The classes aim to introduce parents to basic Internet safety procedures and inform them about more advanced methods of controlling what their children can see online. The material covered includes social networking; sexting (sending sexually explicit texts or images by phone and texting); cellphone technology, applications and features; laptops and desktop computer capabilities; current trends; predatory behaviors; gaming systems; and monitoring techniques. The courses are strictly for parents, because of the graphic nature of some of the content covered.
At the Briar Woods session, Spurlock projected statistics onto a large overhead screen. He said the data were two years old, because of the time it takes to gather and analyze the information. Current statistics are probably worse, he said.
The parents absorbed the material with grim expressions: Three in five teens ages 12 to 17 admitted to sexting, and 71 percent of teen girls said they had sent inappropriate pictures to their boyfriends.
Two photos of pretty young girls appeared on the screen. One girl sent a nude photo of herself to a boyfriend, who circulated it widely and posted it online after they broke up. The other sent a topless image of herself to a boy she liked, who promptly shared it with all his friends. Both girls eventually committed suicide.
“These are real cases,” Spurlock said.
Kids are increasingly using Facebook and other social media to share information about where they are and what they’re doing, he added. Seemingly harmless posts, sent in seconds from a smartphone, can effectively convey critical information: the child’s whereabouts, whether they’re alone, and where they plan to go and when, Spurlock said.
“And once information goes out, it’s just gone,” he said. “There is no bringing it back.”
A photo of three smiling cheerleaders appeared on the screen. The newest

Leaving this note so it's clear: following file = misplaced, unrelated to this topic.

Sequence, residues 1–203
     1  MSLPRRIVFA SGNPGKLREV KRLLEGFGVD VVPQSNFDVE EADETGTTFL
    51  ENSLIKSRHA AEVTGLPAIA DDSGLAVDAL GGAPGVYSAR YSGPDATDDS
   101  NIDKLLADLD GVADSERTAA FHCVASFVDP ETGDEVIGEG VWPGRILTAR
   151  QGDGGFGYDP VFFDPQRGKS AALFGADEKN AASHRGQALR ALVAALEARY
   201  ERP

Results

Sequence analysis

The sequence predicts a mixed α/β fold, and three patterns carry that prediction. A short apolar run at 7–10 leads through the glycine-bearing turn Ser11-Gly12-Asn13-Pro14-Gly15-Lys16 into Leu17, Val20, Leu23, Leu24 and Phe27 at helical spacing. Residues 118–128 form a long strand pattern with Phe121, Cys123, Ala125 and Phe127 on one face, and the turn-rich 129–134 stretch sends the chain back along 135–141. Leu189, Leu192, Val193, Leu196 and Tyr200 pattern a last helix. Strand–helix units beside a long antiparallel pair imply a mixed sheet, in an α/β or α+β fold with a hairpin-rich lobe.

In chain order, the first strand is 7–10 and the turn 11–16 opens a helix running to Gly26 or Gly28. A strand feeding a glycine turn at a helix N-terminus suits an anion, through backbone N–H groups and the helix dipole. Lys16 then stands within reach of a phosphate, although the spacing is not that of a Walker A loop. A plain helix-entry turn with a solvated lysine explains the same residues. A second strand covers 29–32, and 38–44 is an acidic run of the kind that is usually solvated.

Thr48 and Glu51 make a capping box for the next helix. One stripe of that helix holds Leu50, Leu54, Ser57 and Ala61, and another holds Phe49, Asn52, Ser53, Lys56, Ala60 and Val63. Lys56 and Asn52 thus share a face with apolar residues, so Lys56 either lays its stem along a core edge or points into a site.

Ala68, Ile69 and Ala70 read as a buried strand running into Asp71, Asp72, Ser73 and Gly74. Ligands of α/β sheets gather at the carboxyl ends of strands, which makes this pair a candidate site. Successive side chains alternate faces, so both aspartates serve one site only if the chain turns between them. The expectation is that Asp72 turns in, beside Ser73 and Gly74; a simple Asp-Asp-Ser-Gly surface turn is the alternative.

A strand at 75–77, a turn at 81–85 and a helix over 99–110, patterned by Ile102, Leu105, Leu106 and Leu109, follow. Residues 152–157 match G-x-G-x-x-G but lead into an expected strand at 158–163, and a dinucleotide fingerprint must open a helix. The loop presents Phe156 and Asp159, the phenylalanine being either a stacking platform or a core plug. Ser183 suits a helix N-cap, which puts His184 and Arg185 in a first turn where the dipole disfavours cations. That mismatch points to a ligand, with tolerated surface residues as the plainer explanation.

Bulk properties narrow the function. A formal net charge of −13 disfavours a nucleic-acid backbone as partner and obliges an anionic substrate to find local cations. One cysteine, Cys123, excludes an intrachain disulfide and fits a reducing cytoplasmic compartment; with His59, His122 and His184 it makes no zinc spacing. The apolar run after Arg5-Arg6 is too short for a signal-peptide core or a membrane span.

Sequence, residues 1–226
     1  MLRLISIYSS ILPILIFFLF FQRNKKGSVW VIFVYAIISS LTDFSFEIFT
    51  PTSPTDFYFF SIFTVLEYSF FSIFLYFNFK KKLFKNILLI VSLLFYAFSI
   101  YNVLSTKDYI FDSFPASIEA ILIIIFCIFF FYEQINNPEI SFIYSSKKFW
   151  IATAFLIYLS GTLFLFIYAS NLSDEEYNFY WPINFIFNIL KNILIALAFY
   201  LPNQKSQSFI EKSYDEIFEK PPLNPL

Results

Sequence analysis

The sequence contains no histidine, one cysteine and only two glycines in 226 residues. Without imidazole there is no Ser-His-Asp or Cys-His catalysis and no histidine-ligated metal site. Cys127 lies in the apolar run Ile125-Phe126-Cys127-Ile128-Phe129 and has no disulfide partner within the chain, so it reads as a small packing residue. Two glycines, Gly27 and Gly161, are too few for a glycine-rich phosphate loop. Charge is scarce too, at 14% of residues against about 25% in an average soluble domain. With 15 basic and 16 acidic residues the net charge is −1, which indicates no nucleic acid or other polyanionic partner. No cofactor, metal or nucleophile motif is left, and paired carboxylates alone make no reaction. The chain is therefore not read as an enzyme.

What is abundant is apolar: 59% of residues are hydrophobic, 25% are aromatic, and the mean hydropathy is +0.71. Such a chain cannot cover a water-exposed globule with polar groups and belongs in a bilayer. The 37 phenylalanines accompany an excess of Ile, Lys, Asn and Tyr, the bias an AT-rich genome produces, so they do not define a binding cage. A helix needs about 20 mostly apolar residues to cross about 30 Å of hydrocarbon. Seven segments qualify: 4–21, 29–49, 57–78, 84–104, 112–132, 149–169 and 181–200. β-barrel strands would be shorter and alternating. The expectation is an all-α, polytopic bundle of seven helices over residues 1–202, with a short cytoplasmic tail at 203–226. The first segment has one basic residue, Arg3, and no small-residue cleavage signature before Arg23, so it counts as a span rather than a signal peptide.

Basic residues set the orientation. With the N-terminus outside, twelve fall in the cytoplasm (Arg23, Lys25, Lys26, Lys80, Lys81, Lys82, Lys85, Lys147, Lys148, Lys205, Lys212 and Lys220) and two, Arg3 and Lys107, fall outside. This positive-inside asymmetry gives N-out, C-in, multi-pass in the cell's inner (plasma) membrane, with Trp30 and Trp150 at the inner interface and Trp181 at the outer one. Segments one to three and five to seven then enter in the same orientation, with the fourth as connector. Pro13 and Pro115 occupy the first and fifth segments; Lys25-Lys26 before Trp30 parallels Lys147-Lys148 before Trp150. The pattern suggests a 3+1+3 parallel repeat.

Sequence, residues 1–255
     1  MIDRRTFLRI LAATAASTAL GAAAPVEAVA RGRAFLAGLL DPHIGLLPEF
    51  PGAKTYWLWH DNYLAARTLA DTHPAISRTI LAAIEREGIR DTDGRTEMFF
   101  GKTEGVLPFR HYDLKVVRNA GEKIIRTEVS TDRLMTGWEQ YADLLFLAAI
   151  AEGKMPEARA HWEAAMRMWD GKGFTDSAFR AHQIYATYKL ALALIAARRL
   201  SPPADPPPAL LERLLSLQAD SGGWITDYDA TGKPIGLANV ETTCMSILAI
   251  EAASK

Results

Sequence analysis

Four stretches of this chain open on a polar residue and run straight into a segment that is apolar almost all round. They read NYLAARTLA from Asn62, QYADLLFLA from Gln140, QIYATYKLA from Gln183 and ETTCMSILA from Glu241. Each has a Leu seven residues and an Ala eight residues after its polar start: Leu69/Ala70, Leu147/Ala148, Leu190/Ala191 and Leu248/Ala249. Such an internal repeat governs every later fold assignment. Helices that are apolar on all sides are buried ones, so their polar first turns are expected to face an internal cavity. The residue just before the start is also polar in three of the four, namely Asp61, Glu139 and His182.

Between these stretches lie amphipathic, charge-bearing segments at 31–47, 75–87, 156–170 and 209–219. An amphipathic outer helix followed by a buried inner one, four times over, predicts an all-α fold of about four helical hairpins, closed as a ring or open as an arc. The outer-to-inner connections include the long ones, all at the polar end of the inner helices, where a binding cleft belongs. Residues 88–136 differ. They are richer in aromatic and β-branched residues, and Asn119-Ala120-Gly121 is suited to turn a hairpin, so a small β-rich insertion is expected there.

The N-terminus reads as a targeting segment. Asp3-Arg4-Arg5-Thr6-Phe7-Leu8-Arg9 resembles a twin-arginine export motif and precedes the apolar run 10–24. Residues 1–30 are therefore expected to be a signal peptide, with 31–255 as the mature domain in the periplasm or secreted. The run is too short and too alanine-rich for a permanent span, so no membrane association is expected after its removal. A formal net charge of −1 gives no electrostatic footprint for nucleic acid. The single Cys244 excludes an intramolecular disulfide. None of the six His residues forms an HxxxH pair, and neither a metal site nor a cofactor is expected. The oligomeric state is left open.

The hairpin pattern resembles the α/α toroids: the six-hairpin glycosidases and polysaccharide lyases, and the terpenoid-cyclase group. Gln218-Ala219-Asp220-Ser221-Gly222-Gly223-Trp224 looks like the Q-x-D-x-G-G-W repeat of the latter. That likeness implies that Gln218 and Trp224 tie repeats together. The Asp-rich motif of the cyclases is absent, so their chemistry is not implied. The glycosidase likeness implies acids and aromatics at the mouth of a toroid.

iPhones will boast a screen resolution that has the same level of high-definition imagery as a flat-screen television, Spurlock said. What many don’t think about is that the added clarity could make it easier for predators to discern identifying features in photographs and video: a street sign, the lettering on a shirt, all “searchable clues” that can be used to find kids. Even in the picture of the cheerleaders, he said, the name of their school team was legible on their uniforms.
Parents don’t often want to think that Internet crimes against children can happen in a place like Loudoun, Spurlock said. But because Loudoun is an affluent community, “kids have these devices at a very young age,” making them more vulnerable to predators.
Last year, the Loudoun Sheriff’s Office received 15 complaints related to Internet crimes against children, spokeswoman Liz Mills said. By late February, they had received nine complaints, she said.
At the end of the Briar Woods session, Spurlock reminded parents to urge their friends and neighbors to educate themselves, to stay informed and to contact authorities with questions or concerns if something doesn’t seem right.
“Usually we start getting phone calls from parents when they go home and talk to their kids” after the sessions, he told the group. “That’s the first time some realize their kids have already been victimized.”
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Chat: Emily Bazelon, author of "Sticks and Stones: Defeating the Culture of Bullying and Rediscovering the Power of Character and Empathy," will take questions about bullying and kids' use of social media. Friday at 1:30 p.m.